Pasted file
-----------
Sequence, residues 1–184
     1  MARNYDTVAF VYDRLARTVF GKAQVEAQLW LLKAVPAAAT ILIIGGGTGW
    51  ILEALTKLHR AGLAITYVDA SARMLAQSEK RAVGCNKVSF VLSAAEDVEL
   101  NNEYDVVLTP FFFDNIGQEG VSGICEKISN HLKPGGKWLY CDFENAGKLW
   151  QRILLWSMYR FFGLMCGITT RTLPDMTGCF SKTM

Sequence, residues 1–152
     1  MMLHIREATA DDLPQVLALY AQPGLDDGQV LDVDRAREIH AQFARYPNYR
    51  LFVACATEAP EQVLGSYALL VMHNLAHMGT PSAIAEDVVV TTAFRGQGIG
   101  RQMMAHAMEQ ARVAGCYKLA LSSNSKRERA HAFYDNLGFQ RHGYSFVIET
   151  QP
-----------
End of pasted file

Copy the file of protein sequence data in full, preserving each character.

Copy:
Sequence, residues 1–184
     1  MARNYDTVAF VYDRLARTVF GKAQVEAQLW LLKAVPAAAT ILIIGGGTGW
    51  ILEALTKLHR AGLAITYVDA SARMLAQSEK RAVGCNKVSF VLSAAEDVEL
   101  NNEYDVVLTP FFFDNIGQEG VSGICEKISN HLKPGGKWLY CDFENAGKLW
   151  QRILLWSMYR FFGLMCGITT RTLPDMTGCF SKTM

Sequence, residues 1–152
     1  MMLHIREATA DDLPQVLALY AQPGLDDGQV LDVDRAREIH AQFARYPNYR
    51  LFVACATEAP EQVLGSYALL VMHNLAHMGT PSAIAEDVVV TTAFRGQGIG
   101  RQMMAHAMEQ ARVAGCYKLA LSSNSKRERA HAFYDNLGFQ RHGYSFVIET
   151  QP